I think anybody on a Pre Oct 2012 contract who never requested cancellation can still have the price rise cancelled under the UTCCRs by proving that TM costs have not increased by RPI (in fact they have fallen), have applied RPI with out regard to their actual cost increases and under the UTTCCRs suppliers a deemed to be able to forecast and control cost better than consumers therefore in a contract as short as 24 months it is UNFAIR to have a price rise clause at all.

    The OFT guidance on the UTTCRS states:

    12.1 The OFT's objections to variation clauses generally are set out under Group 10. If a contract is to be considered balanced, each party should be sure of getting what they were promised in exchange for providing the 'consideration' they agreed to provide. A clause allowing the supplier to increase the price – varying the most important of all of the consumer'scontractual obligations – has clear potential for unfairness.

    TM will argue that they are allowed to increase prices in line with costs as they have linked the price rise to inflation and indeed the OFT guidance does state (12.4):

    12.4 A degree of flexibility in pricing may be achieved fairly in the following ways.30

    • Where the level and timing of any price increases are specified (within narrow limits if not precisely) they effectively form part of the agreed price. As such they are acceptable, provided the details are clearly and adequately drawn to the consumer's attention.

    • Terms which permit increases linked to a relevant published price index such as the RPI are likely to be acceptable, as paragraph 2 of Schedule 2 to the Regulations indicates, subject to the same proviso.

    • Any kind of variation clause may in principle be fair if consumers are free to escape its effects by ending the contract. To be genuinely free to cancel, they must not be left worse off for having entered the contract, whether by experiencing financial loss (for example, forfeiture of a prepayment) or serious inconvenience, or any other adverse consequences.31

    But the OFT also states that (12.3 is the important bit)

    12.2 Any purely discretionary right to set or vary a price after the consumer has become bound to pay is obviously objectionable. That applies particularly to terms allowing the supplier to charge a price on delivery ofgoods that is not what was quoted to the consumer when the order was placed. It also applies to rights to increase payments under continuing contracts where consumers are 'captive' – that is, they have no penalty-free right to cancel.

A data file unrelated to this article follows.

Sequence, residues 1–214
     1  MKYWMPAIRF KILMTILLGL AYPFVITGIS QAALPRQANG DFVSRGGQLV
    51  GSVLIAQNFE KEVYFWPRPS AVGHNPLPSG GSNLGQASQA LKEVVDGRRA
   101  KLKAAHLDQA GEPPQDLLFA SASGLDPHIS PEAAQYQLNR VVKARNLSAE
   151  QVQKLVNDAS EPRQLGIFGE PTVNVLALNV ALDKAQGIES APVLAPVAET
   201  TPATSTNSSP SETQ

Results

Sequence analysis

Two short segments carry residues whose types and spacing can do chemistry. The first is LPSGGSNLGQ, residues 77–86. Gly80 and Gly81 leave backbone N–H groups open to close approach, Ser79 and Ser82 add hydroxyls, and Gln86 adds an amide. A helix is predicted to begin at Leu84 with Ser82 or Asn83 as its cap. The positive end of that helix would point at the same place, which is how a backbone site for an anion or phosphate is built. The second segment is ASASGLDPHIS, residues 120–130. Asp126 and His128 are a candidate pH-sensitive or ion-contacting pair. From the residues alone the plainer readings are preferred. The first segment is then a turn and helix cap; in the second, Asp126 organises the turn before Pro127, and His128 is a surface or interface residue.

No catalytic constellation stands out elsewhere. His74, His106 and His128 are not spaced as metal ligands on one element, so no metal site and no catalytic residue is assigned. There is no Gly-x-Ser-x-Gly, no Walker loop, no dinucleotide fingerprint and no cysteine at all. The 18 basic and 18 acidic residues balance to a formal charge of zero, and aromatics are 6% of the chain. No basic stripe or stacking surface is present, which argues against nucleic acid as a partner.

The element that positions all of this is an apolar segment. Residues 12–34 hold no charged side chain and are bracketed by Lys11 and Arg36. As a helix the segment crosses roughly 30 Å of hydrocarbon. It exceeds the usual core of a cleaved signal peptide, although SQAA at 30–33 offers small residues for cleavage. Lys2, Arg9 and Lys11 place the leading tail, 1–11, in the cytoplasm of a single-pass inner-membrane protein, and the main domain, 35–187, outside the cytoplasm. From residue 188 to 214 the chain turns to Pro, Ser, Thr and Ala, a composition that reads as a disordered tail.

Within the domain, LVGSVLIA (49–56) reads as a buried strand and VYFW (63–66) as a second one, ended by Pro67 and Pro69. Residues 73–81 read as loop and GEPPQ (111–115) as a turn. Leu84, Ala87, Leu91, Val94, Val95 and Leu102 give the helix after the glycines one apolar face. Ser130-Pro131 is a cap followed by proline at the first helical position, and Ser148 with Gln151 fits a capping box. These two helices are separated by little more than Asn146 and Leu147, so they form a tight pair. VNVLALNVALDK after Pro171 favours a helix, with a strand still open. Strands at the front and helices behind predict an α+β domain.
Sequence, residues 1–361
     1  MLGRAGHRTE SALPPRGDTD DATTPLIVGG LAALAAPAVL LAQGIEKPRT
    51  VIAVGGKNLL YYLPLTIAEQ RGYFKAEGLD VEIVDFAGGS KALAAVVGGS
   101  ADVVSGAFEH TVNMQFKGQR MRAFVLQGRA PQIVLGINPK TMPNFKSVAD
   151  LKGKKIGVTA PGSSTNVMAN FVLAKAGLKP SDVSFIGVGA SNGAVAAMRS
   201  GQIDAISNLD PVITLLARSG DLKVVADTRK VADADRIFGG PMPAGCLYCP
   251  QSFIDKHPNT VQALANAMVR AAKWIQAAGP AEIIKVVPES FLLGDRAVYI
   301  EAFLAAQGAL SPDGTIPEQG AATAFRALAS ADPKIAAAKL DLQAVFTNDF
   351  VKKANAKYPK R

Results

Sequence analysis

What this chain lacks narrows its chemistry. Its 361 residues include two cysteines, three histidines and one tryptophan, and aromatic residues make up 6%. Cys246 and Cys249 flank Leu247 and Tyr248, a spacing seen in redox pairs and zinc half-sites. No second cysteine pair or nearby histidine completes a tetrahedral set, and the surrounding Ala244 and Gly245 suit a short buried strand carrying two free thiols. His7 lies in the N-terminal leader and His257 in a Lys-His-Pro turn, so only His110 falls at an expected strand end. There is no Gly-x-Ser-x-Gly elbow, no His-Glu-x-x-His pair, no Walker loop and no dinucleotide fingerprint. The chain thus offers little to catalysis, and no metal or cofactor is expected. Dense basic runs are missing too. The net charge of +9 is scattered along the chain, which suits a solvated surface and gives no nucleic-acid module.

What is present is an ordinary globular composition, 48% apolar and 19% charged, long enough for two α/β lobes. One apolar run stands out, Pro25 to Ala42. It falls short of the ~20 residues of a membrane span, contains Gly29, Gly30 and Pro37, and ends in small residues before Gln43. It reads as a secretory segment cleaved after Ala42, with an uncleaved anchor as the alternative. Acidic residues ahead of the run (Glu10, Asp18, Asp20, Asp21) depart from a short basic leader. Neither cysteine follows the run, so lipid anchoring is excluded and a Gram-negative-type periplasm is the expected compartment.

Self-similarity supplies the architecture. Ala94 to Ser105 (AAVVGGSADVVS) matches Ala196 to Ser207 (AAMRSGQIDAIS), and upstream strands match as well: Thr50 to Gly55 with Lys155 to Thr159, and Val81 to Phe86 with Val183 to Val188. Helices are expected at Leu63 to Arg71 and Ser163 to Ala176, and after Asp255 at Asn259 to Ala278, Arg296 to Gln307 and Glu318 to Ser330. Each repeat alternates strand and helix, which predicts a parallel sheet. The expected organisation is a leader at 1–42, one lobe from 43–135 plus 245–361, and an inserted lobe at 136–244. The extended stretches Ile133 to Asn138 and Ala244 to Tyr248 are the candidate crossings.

12.3 A price variation clause is not necessarily fair just because it is not discretionary – for example, a right to increase prices to cover increased costs experienced by the supplier. Suppliers are much better able to anticipate and control changes in their own costs than consumers can possibly be. In any case, such a clause is particularly open to abuse, because consumers can have no reasonable certainty that the increases imposed on them actually match net cost increases

    And you can prove that TM have not even attempted to reflect their costs increases (i.e have abused their right to link increases to RPI) and are simply adding to the bottom line as follows:

    1 TM state that they ANTICIPATED the March RPI rate, but if they are trying to cover real cost increases they would have calculated what their cost increase has been and then capped the rise to the LOWER of the real cost increase or RPI – the fact that they ANTICIPATED RPI proves that they have taken no account of their own cost increases and therefore the price rise is UNENFORCABLE

    2 TMs accounts for the year ended 31st December 2013 clearly state that costs have DECREASED and profit margins increased because of this:

    We reduced indirect costs by 3.1% yoy. We achieved an annual run rate of £369m in gross opex savings or 83% of the £445m annual run rate goal and are on track for £3.5bn+ NPV in synergy savings by 2014.

    This has improved our full year adjusted EBITDA margin to 21.2%, with H2 adjusted EBITDA margin reaching 22.0%.

    3 EEs first quarter results clearly show that they are treating the pricerise as a REVENUE ENHANCEMENT and not a way of covering increased costs:


    Introduced postpaid RPI price adjustments
    –Launched competitive prepaidoffers in April that more effectively monetise data (T-Mobile Smart Packs and enhanced Orange Dolphin)
    –Further extended 4G smartphone range

    As you can see it makes no reference to increased costs!

    I am preparing a case in relation to an Orange contract which applies the same logic and will post a link to that once it is ready
    Last edited by RandomCurve; 25-10-2013 at 11:58 PM.
    • RandomCurve
    • By RandomCurve 28th Oct 13, 7:58 AM
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    I have written a full version of a template letter for people to send to T-Mobile (and Orange) to claim back the price rise sums. However in the further research I have carried out I'm sure that I can prove hat ALL mobile phone operators price rise clauses (however they are worded) breach the Unfair Terms in Consumer Contracts Regulations 1999 EVEN IF you were made fully aware of their existence when you entered into the contract.

    I still need to check my facts out - and "discuss" with OFCOM - so I will delay up loading the letter for now.
    • RandomCurve
    • By RandomCurve 30th Oct 13, 5:31 PM
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    A major break through for al T-Mobile customers on Version 59 of the contract.

    You should shortly be receiving a communication from EE cancelling your price rise - pressure on Ofcom is finally paying off

    Unfortunately Ofcom don't seem to have the backbone to ask EE to do the same for V58 contract holders so I fear Ofcoms INVESTIGATION was actually a NEGOTIATION - to ensure the result was of least harm to T-M!!!